The first rocket to leave the earth’s atmosphere  was American-built WAC, launched on March 22nd, from White Sands, NM and attained 50 miles of altitude.

“An Act to provide for research into the problems of flight within and outside the Earth’s atmosphere, and for other purposes.”

With this simple preamble, the Congress and the President of the United States created the national Aeronautics and Space Administration (NASA) on October 1, 1958. NASA’s birth was directly related to the pressures of national defense. After World War II, the United States and the Soviet Union were engaged in the Cold War, a broad contest over the ideologies and allegiances of the nonaligned nations. During this period, space exploration emerged as a major area of contest and became known as the space race.

A full-scale crisis resulted on October 4, 1957 when the Soviets launched Sputnik 1, the world’s first artificial satellite as its IGY entry. This had a “Pearl Harbor” effect on American public opinion, creating an illusion of a technological gap and provided the impetus for increased spending for aerospace endeavors, technical and scientific educational programs, and the chartering of new federal agencies to manage air and space research and development.

The United States launched its first Earth satellite on January 31, 1958, when Explorer 1 documented the existence of radiation zones encircling the Earth. Shaped by the Earth’s magnetic field, what came to be called the Van Allen Radiation Belt, these zones partially dictate the electrical charges in the atmosphere and the solar radiation that reaches Earth.

In 1957, Laika, the soviet space dog, became the first animal to orbit the Earth and, sadly, the first orbital death. On 12 April 1961, Yuri Gagarin became the first human in outer space.

Launched on July 16, 1969, the Apollo 11 was crewed by Commander Neil Alden Armstrong, Command Module Pilot Michael Collins, and Lunar Module Pilot Edwin Eugene ‘Buzz’ Aldrin, Jr. On July 20, Armstrong and Aldrin became the first humans to land on the Moon, while Collins orbited in the Command Module.

Mistaken Prediction #2


When we try to predict the future, we often allow our assumptions to argue for our own limitations, sometimes at our peril. In this series of Mistaken Predictions, we deride predictions that close our minds to the future and celebrate our collective visions that allowed us to imagine alternative scenarios. Equipped with tools that open us to near limitless options, we cheer the fact that the future is inherently unpredictable.

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“That virus [HIV] is a pussycat.”
–Dr. Peter Duesberg, molecular-biology professor at U.C. Berkeley, 1988

By 2006, the Joint United Nations Programme on HIV/AIDS and the World Health Organization estimated that AIDS has killed more than 25 million people since it was first recognized on December 1, 1981. During 2008 more than two and a half million adults and children became infected with HIV (Human Immunodeficiency Virus), the virus that causes AIDS. By the end of the year, an estimated 33.4 million people worldwide were living with HIV/AIDS. The year also saw two million deaths from AIDS, despite recent improvements in access to antiretroviral treatment.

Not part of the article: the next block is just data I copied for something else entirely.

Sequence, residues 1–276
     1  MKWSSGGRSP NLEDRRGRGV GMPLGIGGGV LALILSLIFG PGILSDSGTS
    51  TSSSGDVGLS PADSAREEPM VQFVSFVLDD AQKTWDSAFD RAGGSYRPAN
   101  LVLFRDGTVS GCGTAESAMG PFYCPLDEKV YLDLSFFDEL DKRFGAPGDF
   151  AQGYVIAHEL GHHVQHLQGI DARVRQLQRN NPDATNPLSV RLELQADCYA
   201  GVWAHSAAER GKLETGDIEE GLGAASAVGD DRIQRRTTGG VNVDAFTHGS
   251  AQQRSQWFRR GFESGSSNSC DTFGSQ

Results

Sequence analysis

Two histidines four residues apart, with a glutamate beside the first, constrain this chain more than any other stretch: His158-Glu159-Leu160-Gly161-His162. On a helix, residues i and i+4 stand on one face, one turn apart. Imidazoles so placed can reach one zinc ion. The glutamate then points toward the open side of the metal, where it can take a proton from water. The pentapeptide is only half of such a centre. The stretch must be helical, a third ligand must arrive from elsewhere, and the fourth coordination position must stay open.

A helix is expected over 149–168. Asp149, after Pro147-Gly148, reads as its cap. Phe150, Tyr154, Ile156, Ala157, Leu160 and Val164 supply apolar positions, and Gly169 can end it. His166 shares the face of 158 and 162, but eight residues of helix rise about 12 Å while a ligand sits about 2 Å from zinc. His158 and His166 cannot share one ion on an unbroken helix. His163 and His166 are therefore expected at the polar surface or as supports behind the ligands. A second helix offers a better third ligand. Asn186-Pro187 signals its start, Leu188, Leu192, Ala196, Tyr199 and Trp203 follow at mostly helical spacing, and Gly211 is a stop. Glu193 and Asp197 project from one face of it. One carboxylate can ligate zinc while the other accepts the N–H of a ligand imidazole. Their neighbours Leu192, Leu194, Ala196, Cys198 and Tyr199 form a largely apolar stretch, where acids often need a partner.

The latest statistics of the global HIV and AIDS were published by UNAIDS in November 2009, and refer to the end of 2008.

Estimate Range
People living with HIV/AIDS in 2008 33.4 million 31.1-35.8 million
Adults living with HIV/AIDS in 2008 31.3 million 29.2-33.7 million
Women living with HIV/AIDS in 2008 15.7 million 14.2-17.2 million
Children living with HIV/AIDS in 2008 2.1 million 1.2-2.9 million
People newly infected with HIV in 2008 2.7 million 2.4-3.0 million
Children newly infected with HIV in 2008 0.43 million 0.24-0.61 million
AIDS deaths in 2008 2.0 million 1.7-2.4 million
Child AIDS deaths in 2008 0.28 million 0.15-0.41 million

Africa has over 14 million AIDS orphans.

At the end of 2008, women accounted for 50% of all adults living with HIV worldwide.

In developing and transitional countries, 9.5 million people are in immediate need of life-saving AIDS drugs; of these, only 4 million (42%) are receiving the drugs.

Mistaken Prediction #1


When we try to predict the future, we often allow our assumptions to argue for our own limitations. In this series of Mistaken Predictions, we deride predictions that close our minds to the future and celebrate our collective visions that allowed us to imagine alternative scenarios. Equipped with tools that open us to near limitless options, we cheer the fact that the future is inherently unpredictable.

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“It will be years –not in my time– before a woman will become Prime Minister.”

~ Margaret Thatcher, October 26th, 1969.

Margaret Thatcher became Prime Minister of the United Kingdom only 10 years after saying that, holding her chair from 1979 to 1990.  At the time of writing (2009), she is, however, the only woman to have held this post.